Fun Fact: This lot has some great vintage signage and is the home for the Caldwell Farmers' Market.

Municipal Lot No. 4: Wayne Kaplan Plaza, off Gould Place

The next stop on our muni-lots tour is the Mayor Wayne Kaplan Plaza, commonly referred to as the "Foodtown Lot." Customers of that famed supermarket have long enjoyed the rear access to the store (why do they even have a front door?) as well as places like Caldwell Seafood. 

The lot is used frequently and it's pretty tight—there's a hairpin turn near the Gould Place exit. Speaking of ways in and out, this lot is also accessible from Brookside Avenue. 

Fun Fact: This lot is bigger than it looks due to the presence of a lot of permit-parking spots and a street that runs along most of it that is separated only by a curb. Houses along Lincoln Terrace are also undoubtedly coveted for their view of Mayor Kaplan's parking plaza.

Municipal Lot No. 5: Entrance off Hanford Place

This lot is simply a lot, with a decent amount of spots and not much else. However, it's behind the Cloverleaf Tavern, which also has a dining terrace/beer garden that sits adjacent to the lot, so it sees plenty of action.

Factor in the businesses on Hanford Place like Tony D's, the barber shop and the nail place on the corner of Bloomfield Avenue, and the spots always fill up quickly. 

Fun fact: There's an unofficial (read as: no borough signage) pathway to Bloomfield Avenue between Cloverleaf and Bangkok Kitchen.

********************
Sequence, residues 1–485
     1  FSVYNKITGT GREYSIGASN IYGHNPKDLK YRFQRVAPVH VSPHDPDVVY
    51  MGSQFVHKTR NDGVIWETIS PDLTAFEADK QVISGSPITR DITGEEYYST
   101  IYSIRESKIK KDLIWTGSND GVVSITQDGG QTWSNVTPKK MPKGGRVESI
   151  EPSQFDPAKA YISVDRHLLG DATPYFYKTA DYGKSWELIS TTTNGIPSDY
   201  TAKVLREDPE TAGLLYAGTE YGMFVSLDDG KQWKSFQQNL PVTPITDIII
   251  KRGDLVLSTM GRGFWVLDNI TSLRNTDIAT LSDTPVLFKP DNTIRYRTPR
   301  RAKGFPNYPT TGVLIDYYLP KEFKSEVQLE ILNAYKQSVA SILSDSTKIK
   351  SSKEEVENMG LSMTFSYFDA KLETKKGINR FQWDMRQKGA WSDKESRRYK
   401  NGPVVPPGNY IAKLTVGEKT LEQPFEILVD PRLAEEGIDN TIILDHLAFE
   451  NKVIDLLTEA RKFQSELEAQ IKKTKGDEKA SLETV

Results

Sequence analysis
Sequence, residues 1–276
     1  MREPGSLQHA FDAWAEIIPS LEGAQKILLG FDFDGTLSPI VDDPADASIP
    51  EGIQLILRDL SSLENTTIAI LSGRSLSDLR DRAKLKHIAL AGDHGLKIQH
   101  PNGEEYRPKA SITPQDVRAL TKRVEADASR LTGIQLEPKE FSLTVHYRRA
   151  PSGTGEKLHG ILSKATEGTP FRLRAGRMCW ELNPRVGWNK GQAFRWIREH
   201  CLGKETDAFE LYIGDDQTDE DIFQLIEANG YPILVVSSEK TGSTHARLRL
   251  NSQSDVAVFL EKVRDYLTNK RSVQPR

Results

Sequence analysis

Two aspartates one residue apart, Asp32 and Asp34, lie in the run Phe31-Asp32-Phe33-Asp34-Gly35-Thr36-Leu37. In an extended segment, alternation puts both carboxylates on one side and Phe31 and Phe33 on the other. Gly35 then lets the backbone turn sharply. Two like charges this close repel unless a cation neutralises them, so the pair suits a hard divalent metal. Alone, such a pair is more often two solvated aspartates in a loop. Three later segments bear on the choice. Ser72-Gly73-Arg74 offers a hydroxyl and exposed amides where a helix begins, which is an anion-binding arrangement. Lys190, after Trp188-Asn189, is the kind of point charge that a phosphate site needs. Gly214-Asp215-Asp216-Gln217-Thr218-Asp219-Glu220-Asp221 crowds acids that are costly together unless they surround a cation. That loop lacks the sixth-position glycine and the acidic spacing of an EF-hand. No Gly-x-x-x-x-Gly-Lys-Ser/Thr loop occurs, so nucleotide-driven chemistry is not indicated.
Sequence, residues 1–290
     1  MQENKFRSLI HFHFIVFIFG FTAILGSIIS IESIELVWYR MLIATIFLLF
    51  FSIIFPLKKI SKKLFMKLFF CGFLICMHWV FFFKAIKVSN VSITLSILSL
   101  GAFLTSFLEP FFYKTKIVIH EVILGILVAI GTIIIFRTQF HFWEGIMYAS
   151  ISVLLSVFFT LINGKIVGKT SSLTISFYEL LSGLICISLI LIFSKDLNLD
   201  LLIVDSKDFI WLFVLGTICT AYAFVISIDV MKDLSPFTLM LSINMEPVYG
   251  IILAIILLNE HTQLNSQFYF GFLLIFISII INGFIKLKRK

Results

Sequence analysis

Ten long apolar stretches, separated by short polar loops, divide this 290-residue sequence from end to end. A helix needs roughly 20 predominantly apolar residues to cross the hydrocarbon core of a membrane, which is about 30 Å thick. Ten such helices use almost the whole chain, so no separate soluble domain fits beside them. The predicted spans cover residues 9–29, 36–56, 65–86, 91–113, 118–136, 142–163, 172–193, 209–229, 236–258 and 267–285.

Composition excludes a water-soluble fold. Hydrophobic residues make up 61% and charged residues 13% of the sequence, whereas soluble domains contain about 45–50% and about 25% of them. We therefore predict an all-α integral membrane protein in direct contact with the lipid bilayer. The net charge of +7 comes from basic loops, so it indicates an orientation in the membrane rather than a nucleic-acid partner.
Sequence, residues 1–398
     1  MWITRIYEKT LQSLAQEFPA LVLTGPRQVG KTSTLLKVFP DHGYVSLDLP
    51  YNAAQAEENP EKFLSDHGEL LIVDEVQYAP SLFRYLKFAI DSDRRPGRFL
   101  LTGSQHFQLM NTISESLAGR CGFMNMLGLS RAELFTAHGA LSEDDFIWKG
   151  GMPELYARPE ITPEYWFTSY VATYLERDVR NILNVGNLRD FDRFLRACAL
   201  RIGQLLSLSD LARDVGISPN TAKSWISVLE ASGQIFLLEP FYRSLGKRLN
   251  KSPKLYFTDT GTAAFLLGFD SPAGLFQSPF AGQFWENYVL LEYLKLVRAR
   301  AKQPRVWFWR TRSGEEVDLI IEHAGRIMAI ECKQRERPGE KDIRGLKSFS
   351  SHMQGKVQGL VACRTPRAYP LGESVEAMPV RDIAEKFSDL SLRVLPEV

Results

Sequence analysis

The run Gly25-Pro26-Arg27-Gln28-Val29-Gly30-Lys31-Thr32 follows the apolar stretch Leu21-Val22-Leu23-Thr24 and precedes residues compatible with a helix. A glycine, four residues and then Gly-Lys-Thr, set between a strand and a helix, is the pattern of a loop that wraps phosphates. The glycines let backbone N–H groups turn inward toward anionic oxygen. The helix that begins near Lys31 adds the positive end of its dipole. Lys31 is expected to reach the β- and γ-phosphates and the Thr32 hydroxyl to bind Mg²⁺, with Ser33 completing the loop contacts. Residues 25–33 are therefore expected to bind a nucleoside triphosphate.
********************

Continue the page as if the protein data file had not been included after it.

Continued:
Fun Fact No. 2: During the annual Caldwell Street Fair, this lot becomes a fun live concert venue, where the cars are replaced by bands and hundreds of people.

Municipal Lot No. 6: Entrance off Bloomfield Avenue between Caldwell Diner and Glow Salon and Spa

This final lot is an odd one. It has a two-lane driveway that is as almost as long as the lot itself. This parking plaza mostly services the customers of the Caldwell Diner. As a result, it lives an off-the-radar existence as an actual municipal lot.

Fun Fact: This lot was actually expanded at some point in the not-too-distant past. It now goes back farther, though many spots are permit-parking only.

Fun Fact No. 2: Due to the expansion, there's actually an unsigned entrance to the lot off Westville Avenue. Many members of the nearby First Presbyterian Church use it, as its noted on its website. There is also an exit one can squeeze through in some serious Pac-Man-like fashion to depart the lot onto Brookside Avenue.

It All Comes Together

Perhaps the most surprising thing about Caldwell's municipal lots is that they are almost all connected. Where one ends, another often begins nearby. Was it really smart planning or good luck? Regardless, they're here for us to use. Be careful, though—signage abounds about meters, time limits, permit spots and more.